Tuesday, May 12, 2020

Opinion Comparing Vietnam, COVID-19 deaths? They’re leaving something out

Concerning the Bloomberg News Service article by Aaron Blake “The virus death toll has surpassed Vietnam. Is the comparison fair?” in the May 3 Star-Ledger:
It is only fair to compare death rates from Vietnam and COVID-19 when the silent killer Agent Orange is included. No one knows how many hundreds of thousands of U.S. veterans this chemical has killed.
While the official U.S. death toll from the Vietnam War may be 58,220, far more of the estimated 3.5 million who served in the war are likely to have died — or are dying — from complications due to exposure from toxic dioxin in Agent Orange. The military used Agent Orange as a herbicide in Vietnam and Thailand from 1962 to 1971.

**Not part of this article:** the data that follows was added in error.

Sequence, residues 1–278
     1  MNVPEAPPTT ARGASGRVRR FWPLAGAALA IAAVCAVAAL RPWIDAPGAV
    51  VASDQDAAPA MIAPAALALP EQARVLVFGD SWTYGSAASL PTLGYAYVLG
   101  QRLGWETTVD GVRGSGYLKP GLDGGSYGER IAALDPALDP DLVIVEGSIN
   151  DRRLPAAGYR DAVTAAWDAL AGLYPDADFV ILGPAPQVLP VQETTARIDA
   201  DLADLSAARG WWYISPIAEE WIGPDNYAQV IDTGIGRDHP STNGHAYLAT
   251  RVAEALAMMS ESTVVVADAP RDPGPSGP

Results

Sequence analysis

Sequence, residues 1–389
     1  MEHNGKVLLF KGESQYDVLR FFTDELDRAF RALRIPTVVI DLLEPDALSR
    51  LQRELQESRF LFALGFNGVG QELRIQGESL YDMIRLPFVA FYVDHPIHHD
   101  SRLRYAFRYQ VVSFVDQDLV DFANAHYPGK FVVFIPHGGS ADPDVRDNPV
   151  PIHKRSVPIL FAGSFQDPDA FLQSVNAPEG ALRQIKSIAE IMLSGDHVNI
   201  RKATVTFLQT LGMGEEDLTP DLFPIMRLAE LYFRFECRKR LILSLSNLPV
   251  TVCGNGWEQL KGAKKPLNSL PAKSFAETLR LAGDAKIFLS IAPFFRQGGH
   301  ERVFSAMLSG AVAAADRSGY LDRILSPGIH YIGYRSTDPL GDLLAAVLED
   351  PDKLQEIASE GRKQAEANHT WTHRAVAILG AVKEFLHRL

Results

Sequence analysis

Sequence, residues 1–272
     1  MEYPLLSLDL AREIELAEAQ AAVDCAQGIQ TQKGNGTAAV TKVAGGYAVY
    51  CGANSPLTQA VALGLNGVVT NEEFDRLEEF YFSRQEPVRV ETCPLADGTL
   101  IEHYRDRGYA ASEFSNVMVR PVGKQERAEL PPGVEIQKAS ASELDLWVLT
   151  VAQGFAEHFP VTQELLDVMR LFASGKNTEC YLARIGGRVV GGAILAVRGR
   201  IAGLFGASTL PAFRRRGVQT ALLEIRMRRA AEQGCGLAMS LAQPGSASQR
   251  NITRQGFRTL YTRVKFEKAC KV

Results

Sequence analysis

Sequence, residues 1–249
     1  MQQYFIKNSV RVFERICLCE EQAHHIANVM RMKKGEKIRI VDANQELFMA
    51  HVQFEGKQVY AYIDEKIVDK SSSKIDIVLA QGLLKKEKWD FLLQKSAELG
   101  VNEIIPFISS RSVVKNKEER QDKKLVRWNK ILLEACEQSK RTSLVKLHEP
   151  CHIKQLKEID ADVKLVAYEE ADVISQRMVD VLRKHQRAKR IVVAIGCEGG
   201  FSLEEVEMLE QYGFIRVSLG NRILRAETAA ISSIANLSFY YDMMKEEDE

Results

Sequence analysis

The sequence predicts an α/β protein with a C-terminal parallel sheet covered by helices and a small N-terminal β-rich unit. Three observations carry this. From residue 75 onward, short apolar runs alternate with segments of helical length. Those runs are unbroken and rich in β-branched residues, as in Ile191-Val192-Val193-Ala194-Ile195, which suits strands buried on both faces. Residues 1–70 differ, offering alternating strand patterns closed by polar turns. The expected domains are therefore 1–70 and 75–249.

A 1998-2006 study of more than 13,000 Vietnam veterans, half exposed to Agent Orange and half not, found that the exposed group got prostate cancer at twice the rate as the other group. Also, those in the exposed group were two-and-a-half times as likely to have the more deadly type of metastasis (spreading) form of cancer.
Despite this, the federal government and the Department of Veterans Affairs are not tracking or following up with Vietnam veterans about these health issues. Hundreds of thousands of aging veterans are left to find out about this silent killer on their own.
John Conway, Jackson

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